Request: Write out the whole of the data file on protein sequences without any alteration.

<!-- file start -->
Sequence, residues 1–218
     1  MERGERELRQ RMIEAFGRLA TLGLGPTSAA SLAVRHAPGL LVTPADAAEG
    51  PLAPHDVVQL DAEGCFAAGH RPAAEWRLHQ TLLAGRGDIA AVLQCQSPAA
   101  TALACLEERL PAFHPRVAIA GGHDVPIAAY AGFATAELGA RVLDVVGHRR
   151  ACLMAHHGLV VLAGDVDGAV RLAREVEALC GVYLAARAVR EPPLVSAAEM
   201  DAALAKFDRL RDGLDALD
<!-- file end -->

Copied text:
Sequence, residues 1–218
     1  MERGERELRQ RMIEAFGRLA TLGLGPTSAA SLAVRHAPGL LVTPADAAEG
    51  PLAPHDVVQL DAEGCFAAGH RPAAEWRLHQ TLLAGRGDIA AVLQCQSPAA
   101  TALACLEERL PAFHPRVAIA GGHDVPIAAY AGFATAELGA RVLDVVGHRR
   151  ACLMAHHGLV VLAGDVDGAV RLAREVEALC GVYLAARAVR EPPLVSAAEM
   201  DAALAKFDRL RDGLDALD